There’s an old trick that’s used to examine the flaw of the mean. It goes something like, “Cultural geography majors at the University of North Carolina in 1984 make an average of $800,000 a year.” And then you think, “How is cultural geography such a lucrative field?” until realizing, lo! Michael Jordan majored in cultural geography.
Ha ha! I got you good!
Anyway, the same crazy twist can be used to talk about White Sox hitters. As a team, the Sox have a .696 OPS and a .311 wOBA.
Yet the Sox don’t have one average hitter in the lineup. Not by league standards, not even by their own subpar standards.
Carlos Quentin is as close as it gets, which isn’t good. Fortunately, he’s on the wrong side. He’s the only player within 30 points of the average wOBA (28 points below), and he’s the only regular with an OPS in the .600s OR the .700s.
Another fun way to illustrate it is by looking at the OPS+ column on the 2010 team’s Baseball-Reference page. Here’s how it’s arranged by default:
-3 196 61 41 137 38 121 69 193 17 -9 195 63
That’s pretty awesome, but neither unprecedented nor predictive. The 2006 season started in the same way, and that turned out to be a terrific offense.
The key is for Ozzie Guillen to try to get his hot bats off islands, and it seems like he’s made a positive step by dropping Quentin from third to sixth, and moving Andruw Jones ahead of Paul Konerko. Besides dropping A.J. Pierzynski down to eighth — may he never bat fifth again — there’s not a whole lot more he can do until the Quentins and Gordon Beckhams start hitting.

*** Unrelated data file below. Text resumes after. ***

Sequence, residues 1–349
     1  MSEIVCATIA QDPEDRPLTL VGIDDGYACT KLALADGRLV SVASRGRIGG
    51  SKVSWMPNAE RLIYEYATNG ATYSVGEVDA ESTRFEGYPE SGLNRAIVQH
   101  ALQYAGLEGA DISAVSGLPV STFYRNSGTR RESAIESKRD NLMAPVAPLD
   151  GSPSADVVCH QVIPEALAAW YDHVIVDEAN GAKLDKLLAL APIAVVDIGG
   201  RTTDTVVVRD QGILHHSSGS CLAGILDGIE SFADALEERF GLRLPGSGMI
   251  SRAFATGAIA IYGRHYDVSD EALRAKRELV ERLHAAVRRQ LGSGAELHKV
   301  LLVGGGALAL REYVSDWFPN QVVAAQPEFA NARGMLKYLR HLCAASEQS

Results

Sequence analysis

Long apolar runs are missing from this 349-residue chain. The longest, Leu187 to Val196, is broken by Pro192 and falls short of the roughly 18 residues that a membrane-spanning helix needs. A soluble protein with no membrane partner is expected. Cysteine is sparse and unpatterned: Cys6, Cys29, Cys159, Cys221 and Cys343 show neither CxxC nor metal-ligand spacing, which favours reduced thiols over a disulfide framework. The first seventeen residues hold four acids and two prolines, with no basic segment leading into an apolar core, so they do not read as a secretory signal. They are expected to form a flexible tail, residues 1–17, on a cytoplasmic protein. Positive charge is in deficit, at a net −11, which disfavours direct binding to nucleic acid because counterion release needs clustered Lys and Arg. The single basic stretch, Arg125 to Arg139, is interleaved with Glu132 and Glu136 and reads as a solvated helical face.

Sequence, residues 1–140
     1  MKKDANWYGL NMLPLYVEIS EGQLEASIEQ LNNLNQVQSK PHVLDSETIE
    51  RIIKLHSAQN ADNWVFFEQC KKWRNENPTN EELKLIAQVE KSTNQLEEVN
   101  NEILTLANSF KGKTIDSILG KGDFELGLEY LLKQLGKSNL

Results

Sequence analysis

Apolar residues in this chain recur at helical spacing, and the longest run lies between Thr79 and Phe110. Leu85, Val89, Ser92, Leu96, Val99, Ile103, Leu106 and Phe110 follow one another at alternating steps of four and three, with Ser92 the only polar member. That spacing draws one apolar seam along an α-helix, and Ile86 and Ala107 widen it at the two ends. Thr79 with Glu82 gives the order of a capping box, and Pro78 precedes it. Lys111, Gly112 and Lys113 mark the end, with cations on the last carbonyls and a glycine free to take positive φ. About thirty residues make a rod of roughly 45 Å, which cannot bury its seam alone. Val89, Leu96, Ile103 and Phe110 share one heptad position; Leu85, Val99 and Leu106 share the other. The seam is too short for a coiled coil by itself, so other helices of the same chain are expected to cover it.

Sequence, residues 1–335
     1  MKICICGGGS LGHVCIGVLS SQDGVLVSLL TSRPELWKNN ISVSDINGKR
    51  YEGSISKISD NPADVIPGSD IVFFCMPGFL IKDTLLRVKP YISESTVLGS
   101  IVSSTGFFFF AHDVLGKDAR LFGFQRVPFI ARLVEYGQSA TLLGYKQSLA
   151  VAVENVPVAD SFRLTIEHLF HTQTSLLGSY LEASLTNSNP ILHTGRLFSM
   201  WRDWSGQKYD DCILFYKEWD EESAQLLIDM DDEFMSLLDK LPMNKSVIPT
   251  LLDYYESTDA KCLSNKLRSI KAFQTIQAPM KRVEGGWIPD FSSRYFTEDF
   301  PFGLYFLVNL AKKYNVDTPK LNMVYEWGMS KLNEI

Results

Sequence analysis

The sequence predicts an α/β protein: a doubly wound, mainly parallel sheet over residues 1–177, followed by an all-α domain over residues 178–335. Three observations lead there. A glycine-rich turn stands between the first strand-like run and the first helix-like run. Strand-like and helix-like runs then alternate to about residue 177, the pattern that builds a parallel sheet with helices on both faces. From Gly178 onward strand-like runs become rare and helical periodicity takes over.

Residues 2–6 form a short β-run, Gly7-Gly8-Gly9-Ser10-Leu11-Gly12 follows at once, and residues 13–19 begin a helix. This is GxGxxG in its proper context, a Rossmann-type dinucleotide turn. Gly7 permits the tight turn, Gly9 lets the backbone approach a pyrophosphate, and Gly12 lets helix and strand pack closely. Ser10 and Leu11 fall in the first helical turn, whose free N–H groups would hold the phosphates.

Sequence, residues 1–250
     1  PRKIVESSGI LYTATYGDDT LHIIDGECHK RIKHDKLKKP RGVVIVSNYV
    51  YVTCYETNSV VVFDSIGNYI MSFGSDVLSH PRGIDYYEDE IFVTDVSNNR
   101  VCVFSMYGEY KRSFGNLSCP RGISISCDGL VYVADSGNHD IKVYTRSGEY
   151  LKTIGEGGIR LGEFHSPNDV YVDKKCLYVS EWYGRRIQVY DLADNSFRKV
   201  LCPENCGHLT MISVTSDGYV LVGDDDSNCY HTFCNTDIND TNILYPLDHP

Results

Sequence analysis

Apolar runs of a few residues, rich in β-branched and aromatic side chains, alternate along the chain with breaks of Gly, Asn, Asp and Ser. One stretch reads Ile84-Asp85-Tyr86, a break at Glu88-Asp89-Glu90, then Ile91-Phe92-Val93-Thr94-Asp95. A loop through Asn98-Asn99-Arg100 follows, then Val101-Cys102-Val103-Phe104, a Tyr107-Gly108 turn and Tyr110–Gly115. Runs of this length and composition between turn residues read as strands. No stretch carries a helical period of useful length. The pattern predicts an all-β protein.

My kingdom for average players.
I always thought it would be hard to make the Crosstown Classic any dumber than it already is, but the White Sox and Cubs have gone and done it.
They’re playing for a trophy now, and it’s called the BP Crosstown Cup.
Enter your choice in the completely fair and valid poll below.
Christian Marrero Reading Room:
*The Cheat piles on A.J. Pierzynski, noting that he’s dead-last in wOBA and second-to-last in Win Probability Added (which measures clutch hitting). What’s more: When I covered Pierzynski last week, his OPS+ was 15. He now owns the -3 noted above.
*The Sun-Times follows up on the New York Times’ Sergio Santos story.
*Even with a new roster, there’s still plenty of self-loathing over the amount of home runs hit.
*Phil Rogers, having learned nothing from Pierzynski’s faceplant, says the Sox should extend Paul Konerko now. Erik gives it some thought before saying, “What’s the rush?”
*J.J. messes around with the batting order.
Minor league roundup:
- Charlotte 9, Norfolk 7
- Dayan Viciedo went 3-for-3 with two homers and a walk, without a doubt his finest game of the year.
- Tyler Flowers tripled, walked, struck out and drove in two.
- Jordan Danks went 0-for-3 with a walk and two strikeouts.
- Tennessee 9, Birmingham 5
- Rough going for Jhonny Nunez, who allowed six runs on nine hits and a walk over 5 1/3 innings. He struck out two.
- Christian Marrero doubled, walked and struck out in four plate appearances.
- Brent Morel went 0-for-3 with a strikeout, but hit a sac fly and drew a walk.
- John Shelby went 0-for-4 with a walk and two strikeouts.
- West Virginia 8, Kannapolis 1
- Trayce Thompson went 1-for-3 (double) with a walk and two K’s.
- Kyle Colligan and Nick Ciolli went 1-for-4; Miguel Gonzalez went 0-for-4.
- Cameron Bayne allowed five runs (three earned) on eight hits and two walks over four innings, striking out three.
- Winston-Salem OFF